Carter, who lives about 3.5 miles from the turbines, responded by calling King a “mountain-slayer and a profiteer.” He said he’s not against wind power, but he’s against large projects that destroy mountaintops: “Industrial mountaintop wind, wherever you put it, is a disaster.”
The war of words began with a news conference at Portland City Hall by the Friends of Highland Mountains, which has created a DVD outlining its opposition.
Carter described the construction of wind turbines on mountain ridges as “Maine’s version of mountaintop removal.” And he said there would be no reduction in greenhouse gases because carbon-emitting power plants would have to be kept running and on standby for times when the wind isn’t blowing.
Furthermore, he said the turbine towers with blinking lights would be built in the face of the Bigelow Preserve and could be seen by hikers on the Appalachian Trail.
“I’ll buy him a bus ticket to West Virginia, where they’re tearing mountains to the ground to feed our fossil fuel addiction,” King retorted. He said there would be a “1-to-1” reduction in greenhouse gases because existing plants would be throttled back whenever the turbines are in operation.
He said the remoteness of the site is part of its appeal. He said there are only two vacation homes a half-mile from the turbines and that other homes are at least a mile away, reducing the impact.
Maine is the leader in New England when it comes to wind power, with 432 megawatts of wind power either in operations or under construction. Large projects already in operation include TransCanada’s Kibby Mountain, First Wind’s Mars Hill, and First Wind’s Stetson I and Stetson II.
Central Maine Power is beginning a five-year upgrade of the power grid to make it more reliable and to increase capacity for future wind power projects.
As you can see, the AP reporter chose to focus on Jonathan and Angus; two men who were pitted against each other in the gubernatorial race of 1994. The two are old foes, and the reporter decided to exploit an ancient controversy rather than devote the majority of his coverage to our battle to save our mountains. To many, the fact that we received such broad coverage was a good thing, no matter what the focal point was of the story. To others, disappointment ruled the day. We'd had high hopes... hopes that thousands of Mainers would learn of our struggle against big money, influence and power. We hoped that they would hear about our concern over a financially wasteful plan which, if implemented, will cause serious damage to our environment, its ecosystems, our wildlife, and our people.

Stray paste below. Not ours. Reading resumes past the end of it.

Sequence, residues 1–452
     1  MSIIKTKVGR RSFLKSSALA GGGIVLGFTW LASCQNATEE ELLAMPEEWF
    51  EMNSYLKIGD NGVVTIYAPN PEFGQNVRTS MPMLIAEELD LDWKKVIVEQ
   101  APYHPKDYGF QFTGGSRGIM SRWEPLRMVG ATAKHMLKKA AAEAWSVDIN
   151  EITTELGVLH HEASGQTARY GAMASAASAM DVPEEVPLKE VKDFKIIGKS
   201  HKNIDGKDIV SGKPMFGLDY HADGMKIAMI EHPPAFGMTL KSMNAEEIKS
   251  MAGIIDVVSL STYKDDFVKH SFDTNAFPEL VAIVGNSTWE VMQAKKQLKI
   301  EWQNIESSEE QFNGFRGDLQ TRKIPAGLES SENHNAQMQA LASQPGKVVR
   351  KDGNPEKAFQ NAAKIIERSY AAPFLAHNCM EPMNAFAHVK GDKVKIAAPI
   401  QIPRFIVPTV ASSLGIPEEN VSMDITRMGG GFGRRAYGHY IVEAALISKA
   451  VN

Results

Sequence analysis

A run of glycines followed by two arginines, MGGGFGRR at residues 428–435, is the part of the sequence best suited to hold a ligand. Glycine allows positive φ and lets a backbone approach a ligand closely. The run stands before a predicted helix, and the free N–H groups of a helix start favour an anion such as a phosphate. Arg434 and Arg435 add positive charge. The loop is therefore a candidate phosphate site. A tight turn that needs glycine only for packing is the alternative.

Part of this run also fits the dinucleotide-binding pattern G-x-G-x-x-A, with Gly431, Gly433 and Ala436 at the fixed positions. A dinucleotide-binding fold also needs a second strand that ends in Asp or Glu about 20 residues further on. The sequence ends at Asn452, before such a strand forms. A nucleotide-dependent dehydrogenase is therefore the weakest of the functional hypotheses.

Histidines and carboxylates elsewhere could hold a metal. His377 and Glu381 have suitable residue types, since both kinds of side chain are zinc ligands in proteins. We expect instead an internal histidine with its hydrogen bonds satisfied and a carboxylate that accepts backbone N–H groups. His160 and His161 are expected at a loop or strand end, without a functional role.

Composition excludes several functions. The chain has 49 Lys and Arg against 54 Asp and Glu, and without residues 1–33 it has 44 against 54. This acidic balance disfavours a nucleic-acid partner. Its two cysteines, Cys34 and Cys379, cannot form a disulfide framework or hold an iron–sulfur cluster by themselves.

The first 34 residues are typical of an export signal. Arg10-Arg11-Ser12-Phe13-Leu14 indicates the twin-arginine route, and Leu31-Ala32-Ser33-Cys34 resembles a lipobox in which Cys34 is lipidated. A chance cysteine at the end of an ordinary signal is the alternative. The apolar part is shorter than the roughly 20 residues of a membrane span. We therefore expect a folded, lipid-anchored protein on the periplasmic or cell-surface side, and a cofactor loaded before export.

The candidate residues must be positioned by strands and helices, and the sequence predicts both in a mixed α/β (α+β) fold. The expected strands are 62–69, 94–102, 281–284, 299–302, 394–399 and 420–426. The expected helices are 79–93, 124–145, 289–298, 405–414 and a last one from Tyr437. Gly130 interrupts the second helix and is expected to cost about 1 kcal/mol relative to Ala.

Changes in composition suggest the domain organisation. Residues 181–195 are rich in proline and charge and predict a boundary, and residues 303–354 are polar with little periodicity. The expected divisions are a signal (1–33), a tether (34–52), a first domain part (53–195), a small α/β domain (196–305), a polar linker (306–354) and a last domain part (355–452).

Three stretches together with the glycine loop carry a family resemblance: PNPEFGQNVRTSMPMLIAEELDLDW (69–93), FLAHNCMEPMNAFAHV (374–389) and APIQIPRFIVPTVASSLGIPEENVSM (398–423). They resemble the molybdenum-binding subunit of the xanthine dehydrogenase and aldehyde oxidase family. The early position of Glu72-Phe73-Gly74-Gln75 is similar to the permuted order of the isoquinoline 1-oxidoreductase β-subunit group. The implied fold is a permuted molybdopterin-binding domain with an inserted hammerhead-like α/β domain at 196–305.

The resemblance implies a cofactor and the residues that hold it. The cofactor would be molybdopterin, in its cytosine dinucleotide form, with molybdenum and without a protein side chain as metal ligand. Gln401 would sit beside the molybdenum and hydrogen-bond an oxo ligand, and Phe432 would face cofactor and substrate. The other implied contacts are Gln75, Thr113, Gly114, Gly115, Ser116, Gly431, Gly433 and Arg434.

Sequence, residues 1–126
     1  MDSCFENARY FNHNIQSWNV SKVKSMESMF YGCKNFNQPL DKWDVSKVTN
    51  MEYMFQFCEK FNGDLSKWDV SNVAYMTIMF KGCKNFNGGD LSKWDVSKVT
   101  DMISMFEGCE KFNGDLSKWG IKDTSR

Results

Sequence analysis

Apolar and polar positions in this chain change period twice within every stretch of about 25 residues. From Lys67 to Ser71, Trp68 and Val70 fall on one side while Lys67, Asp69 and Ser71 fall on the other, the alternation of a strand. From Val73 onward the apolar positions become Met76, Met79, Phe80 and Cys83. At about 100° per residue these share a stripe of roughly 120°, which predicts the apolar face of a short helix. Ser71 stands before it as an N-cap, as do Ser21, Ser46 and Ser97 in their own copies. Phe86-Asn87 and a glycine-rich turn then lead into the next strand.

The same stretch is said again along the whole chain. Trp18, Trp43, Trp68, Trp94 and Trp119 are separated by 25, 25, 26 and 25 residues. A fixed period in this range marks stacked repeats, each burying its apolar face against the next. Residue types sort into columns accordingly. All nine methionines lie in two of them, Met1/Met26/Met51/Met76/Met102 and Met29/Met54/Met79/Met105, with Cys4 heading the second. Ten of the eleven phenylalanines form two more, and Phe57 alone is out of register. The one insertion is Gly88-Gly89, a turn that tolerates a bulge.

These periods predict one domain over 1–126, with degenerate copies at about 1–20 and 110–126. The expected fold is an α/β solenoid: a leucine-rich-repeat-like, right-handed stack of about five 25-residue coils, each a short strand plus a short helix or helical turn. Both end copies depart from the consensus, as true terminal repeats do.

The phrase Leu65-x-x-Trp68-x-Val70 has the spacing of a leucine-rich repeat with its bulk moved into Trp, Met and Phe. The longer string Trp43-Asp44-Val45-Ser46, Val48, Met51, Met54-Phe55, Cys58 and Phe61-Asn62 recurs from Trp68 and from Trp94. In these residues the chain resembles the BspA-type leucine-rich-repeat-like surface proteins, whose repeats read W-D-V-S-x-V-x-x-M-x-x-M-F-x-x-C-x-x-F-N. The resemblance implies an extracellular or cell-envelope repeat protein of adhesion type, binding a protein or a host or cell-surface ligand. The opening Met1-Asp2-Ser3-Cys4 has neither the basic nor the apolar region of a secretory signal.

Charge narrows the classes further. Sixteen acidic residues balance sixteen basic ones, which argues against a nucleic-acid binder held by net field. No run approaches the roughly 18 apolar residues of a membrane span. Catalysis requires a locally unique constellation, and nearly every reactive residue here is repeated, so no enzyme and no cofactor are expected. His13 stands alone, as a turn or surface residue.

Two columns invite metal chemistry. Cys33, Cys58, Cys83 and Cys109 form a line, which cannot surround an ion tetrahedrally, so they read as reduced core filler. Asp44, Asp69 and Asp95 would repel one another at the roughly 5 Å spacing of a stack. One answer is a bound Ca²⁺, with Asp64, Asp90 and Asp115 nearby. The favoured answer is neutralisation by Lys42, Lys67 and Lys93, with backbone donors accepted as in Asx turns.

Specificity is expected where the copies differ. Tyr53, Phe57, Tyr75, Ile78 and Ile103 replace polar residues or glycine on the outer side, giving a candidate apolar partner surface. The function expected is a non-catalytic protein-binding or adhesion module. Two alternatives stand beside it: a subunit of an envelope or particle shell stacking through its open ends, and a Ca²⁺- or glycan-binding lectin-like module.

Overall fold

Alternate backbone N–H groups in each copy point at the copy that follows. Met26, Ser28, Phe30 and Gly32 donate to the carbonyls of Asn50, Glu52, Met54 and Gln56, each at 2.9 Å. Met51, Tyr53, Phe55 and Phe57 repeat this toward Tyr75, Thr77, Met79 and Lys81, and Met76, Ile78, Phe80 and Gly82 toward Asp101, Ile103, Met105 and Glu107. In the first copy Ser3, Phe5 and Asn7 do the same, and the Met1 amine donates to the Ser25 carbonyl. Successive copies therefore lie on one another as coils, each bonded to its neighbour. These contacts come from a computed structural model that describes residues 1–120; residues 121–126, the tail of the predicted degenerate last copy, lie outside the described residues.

But we can't control the media nor can we dictate what they choose to report. What we can do-- what we WILL do-- is learn from our mistakes. We can and will also continue to take our message to the people of Maine, and we will speak of this issue armed with facts. Science and economics tell the story, no matter what sub-plots the news media puts forth for readers' consumption.
We were surprised today, and some were momentarily discouraged. But the Friends of the Highland Mountains is made up of some cool, tough, dedicated individuals who don't despair when we hit a bump in the road. Instead, we tighten our seatbelts, shift into low gear, and increase our power. We'll get where we need to go. It might take us a little longer to arrive, but we WILL save the mountains of Highland Plantation, Maine.
And by the way... Angus' statements sound good because he puts just enought truth in them to make them believable. But they can and will be factually refuted. He's coasted along on star power and some lingering popularity, but I think the people of this great state are waking up to the truth... and they WANT the truth. The WHOLE truth.
And NOTHING BUT the truth.
We can help them discover it.